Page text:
Both have already tried quite a few tricks. The finance ministry has increased gold import duty to six per cent – five times more from just the one percentage point importers paid last January. RBI has asked banks to reduce lending to gold loan companies. But imports, at 604 tonnes till September in the year, have continued.

More recently, the government has changed tack. Now it wants to limit imports by asking gold exchange traded funds (ETFs) that hold Rs 11,600 crore of gold (around 35-40 tonnes) to deposit part of it with banks. The banks, in turn, will lend it to jewellers. According to a government note, banks will pay a nominal fee to mutual fund houses to keep gold. This will improve the gold returns by 50-100 basis points.

In other words, gold is being promoted as a financial instrument, much like the RBI committee recommended. The committee recognised the need to convert both rural and urban demand for gold into investment in gold-backed financial instruments through dematerialisation of gold.

Says, Rajiv Anand, MD and CEO, Axis Asset Management Company, "In the past five years, a lot of money has gone into debt, real estate and gold. Around 20-30 per cent of the imported gold is for investment purposes. There is a need to have financial products that will give comparable returns to divert investor's money."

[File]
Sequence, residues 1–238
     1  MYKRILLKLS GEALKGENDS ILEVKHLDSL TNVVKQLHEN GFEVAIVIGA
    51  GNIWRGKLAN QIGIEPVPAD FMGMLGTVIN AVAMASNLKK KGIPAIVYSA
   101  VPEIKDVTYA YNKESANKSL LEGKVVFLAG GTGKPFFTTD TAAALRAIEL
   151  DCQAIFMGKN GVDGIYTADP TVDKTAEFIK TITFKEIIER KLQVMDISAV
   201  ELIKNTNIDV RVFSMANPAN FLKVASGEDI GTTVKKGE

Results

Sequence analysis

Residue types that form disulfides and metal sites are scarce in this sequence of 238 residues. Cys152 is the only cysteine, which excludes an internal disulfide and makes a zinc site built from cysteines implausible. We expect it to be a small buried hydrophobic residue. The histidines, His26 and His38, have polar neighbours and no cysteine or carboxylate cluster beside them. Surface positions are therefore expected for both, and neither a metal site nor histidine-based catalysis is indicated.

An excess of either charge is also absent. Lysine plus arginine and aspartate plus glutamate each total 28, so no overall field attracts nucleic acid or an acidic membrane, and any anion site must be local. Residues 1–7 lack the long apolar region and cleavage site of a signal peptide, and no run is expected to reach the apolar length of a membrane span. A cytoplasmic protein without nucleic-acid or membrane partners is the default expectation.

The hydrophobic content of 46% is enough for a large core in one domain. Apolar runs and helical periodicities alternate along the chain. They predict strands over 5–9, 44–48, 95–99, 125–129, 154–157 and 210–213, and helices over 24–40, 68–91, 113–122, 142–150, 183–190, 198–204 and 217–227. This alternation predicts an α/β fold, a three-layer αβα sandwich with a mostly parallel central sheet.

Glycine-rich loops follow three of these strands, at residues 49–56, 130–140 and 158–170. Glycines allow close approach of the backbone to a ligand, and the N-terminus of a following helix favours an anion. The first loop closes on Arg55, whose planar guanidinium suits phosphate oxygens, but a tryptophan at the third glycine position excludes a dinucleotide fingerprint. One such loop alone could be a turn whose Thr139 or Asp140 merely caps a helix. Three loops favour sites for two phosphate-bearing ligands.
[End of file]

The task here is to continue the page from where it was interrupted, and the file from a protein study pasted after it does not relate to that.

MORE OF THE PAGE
There are some options such as gold ETFs, gold fund of funds, e-gold and others. Even banks have gold deposit schemes. However, promotion of these products has been limited. Mutual funds seldom advertise gold ETFs and banks complain of low storage capacities to accommodate gold deposits.

The committee has suggested introduction of products such as a modified gold deposit scheme, gold accumulation plan, gold-linked accounts, and gold pension products. The financial structuring of these products will be so done that entire investments need not be backed with physical gold. There are even suggestions to give incentives to investors who take cash delivery instead of physical gold. The proposal to increase the role of banks to help investors buy e-gold through their bank accounts will help attract more customers. At the moment, many customers do not prefer the route because they have to maintain a separate account with the commodity broker. So is the case with ETFs, where one has to use the demat account.

The most interesting recommendation is a gold pension plan, where households will deposit their idle gold with banks and get it back in instalments in the form of a monthly pension scheme over the next 20-25 years. This will work like an annuity scheme. Axis AMC's Anand feels in the foreseeable future, investors in the yellow metal would eventually move to financial instruments. It could happen if gold were to perform worse than other instruments.

As Tekchandani puts it, this is much like land investment, which has a formidable physical presence. But as an investment (not consumption), it could make little sense. "If inflation were to go below the bank rate in the next decade, the value of gold would come down very sharply. In fact, I would not even suggest too much of gold as a financial instrument," he adds.